Natalina Slaughter was walking through an isolated corridor in the St. Louis County jail when, without warning, a corrections officer lunged at and began strangling her — apparently the officer's form of a guerrilla "training exercise," according to a lawsuit filed in Minnesota U.S. District Court this week.

Slaughter, a medical technician who'd recently started working at the jail, says she thought the officer, James Burhans, was trying to kill her as he "placed one hand around her neck, and started to compress and strangle her," according to the suit. She tried to break free by thrusting a medication cart at the officer. Eventually, Burhans released her.

"He was just really strong, and I distinctly remember being surprised at how easily he could overpower me," Slaughter said in an interview Friday. "And that was really terrifying."

Slaughter called police, who investigated the Sept. 11, 2016, incident. But the officers did not recommend charges because they couldn't prove criminal intent, she said.

Slaughter suffered injuries to her neck, head and legs, according to the lawsuit. She's endured PTSD, panic attacks, missed a month of work and feared leaving the house.

"If I walk into a building and see security guards and police, I don't feel safe," she said. "It makes it difficult just to function in the world."

Slaughter learned Burhans had a history of similar attacks on new medical staff, according to the lawsuit.

"St. Louis County and its jail administration knew that Officer Burhans was perpetrating these attacks on new medical staff, but the County failed to take any action to discipline Officer Burhans or to direct him to terminate his unprovoked and unjustified attacks on new medical staff at the jail," the suit states.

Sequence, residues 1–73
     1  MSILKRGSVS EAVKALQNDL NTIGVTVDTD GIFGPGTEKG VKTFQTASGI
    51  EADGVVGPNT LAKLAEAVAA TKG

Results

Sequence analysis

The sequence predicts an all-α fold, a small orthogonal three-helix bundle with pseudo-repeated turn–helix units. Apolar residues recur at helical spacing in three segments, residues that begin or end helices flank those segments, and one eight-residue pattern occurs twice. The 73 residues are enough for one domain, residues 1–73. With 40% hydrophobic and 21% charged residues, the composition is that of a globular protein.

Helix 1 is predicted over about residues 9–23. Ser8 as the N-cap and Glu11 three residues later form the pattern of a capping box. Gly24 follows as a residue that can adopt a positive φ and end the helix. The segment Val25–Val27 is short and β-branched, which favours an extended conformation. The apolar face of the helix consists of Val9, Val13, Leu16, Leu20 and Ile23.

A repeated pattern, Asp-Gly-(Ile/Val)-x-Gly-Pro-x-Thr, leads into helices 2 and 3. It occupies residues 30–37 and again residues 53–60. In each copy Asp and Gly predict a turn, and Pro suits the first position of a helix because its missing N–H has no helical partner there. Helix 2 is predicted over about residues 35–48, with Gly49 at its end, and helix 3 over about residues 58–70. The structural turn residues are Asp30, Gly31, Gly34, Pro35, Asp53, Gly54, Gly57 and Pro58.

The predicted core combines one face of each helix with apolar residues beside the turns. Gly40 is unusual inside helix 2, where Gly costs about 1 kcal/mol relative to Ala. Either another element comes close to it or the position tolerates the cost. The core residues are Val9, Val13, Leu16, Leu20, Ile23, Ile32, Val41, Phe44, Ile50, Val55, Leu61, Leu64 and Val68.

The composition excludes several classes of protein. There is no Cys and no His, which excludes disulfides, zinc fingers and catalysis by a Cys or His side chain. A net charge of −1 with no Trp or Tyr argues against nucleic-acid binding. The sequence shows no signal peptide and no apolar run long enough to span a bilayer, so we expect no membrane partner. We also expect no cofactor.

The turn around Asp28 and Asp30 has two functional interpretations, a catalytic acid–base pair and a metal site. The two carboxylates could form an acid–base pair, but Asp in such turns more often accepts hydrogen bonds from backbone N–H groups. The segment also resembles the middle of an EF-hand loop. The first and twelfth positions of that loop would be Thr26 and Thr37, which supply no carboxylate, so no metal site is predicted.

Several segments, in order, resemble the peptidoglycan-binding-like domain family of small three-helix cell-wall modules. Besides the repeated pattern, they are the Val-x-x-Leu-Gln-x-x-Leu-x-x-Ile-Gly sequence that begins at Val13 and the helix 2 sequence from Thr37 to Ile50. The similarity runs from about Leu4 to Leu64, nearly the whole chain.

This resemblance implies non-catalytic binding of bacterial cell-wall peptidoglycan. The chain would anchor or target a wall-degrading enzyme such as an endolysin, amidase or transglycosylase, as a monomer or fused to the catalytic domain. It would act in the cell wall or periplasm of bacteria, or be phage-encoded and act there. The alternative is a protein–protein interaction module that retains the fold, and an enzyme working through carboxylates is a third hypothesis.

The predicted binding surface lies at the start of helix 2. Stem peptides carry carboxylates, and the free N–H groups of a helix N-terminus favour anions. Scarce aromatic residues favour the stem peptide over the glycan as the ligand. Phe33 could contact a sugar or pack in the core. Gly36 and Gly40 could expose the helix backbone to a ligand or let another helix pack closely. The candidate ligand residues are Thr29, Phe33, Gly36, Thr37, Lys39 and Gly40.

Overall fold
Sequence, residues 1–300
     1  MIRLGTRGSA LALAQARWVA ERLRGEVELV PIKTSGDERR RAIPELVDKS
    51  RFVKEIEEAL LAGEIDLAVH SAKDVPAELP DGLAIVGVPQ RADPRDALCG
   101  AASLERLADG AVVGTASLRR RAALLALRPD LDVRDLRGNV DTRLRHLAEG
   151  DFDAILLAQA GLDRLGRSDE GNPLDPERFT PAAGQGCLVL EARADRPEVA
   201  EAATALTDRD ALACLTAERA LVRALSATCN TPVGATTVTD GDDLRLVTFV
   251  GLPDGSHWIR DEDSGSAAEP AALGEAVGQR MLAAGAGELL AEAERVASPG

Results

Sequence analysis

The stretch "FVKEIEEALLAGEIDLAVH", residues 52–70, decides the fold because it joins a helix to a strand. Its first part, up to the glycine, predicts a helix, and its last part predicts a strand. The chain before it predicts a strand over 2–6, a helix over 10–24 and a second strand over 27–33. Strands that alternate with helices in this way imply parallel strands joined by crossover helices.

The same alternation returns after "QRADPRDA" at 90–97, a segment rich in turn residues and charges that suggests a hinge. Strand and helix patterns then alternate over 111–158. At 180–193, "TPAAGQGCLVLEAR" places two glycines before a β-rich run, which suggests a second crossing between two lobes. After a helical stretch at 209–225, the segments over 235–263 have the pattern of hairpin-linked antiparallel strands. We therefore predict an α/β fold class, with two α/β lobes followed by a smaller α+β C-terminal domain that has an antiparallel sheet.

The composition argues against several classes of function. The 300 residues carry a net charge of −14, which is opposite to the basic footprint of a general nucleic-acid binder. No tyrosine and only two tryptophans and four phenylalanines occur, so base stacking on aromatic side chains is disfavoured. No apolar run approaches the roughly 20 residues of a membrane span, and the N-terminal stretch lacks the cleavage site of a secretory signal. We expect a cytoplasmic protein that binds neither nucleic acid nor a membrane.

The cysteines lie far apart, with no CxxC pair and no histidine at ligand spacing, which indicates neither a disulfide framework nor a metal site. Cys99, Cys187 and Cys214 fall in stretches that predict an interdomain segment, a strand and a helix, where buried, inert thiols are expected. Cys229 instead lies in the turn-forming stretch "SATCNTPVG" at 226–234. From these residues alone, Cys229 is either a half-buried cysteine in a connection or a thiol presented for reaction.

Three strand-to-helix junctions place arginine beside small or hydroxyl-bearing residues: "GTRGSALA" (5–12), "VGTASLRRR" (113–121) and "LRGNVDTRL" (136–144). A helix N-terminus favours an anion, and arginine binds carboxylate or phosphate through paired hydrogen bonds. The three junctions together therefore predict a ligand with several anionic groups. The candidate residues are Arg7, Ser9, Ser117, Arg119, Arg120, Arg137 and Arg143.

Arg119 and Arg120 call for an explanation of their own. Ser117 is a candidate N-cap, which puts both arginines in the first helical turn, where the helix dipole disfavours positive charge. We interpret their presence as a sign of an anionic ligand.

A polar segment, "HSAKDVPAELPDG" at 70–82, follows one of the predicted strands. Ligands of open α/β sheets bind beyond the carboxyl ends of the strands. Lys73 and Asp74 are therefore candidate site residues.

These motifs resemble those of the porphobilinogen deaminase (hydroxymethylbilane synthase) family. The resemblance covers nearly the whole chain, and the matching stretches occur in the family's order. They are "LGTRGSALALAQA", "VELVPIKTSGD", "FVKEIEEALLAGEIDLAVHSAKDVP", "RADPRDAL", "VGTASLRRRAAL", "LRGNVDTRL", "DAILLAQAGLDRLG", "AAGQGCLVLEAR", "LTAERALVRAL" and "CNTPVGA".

The lawsuit alleges St. Louis County and Burhans violated Slaughter's constitutional rights and Minnesota law, and the county failed in its duty to keep employees safe.

The St. Louis County jail is in Duluth. Slaughter was working for MEND Correctional Care, a company that contracts with jails and provides medical care to inmates. She had started the job earlier that month while finishing her master's degree. She now works as a therapist, she said.

Slaughter incurred lost wages due to missing work and medical bills, the lawsuit states. Burhans' actions "were unreasonable and unnecessary, constitute punishment, were carried out for the purpose of punishment, were not reasonably related to any legitimate governmental interest or purpose, and are shocking to the conscience."

St. Louis County Attorney Mark Rubin said he was aware of the lawsuit but couldn't comment at this time.

Burhans is still employed by St. Louis County as a deputy sheriff corrections officer, according to the Sheriff's Office.

Andy Mannix • 612-673-4036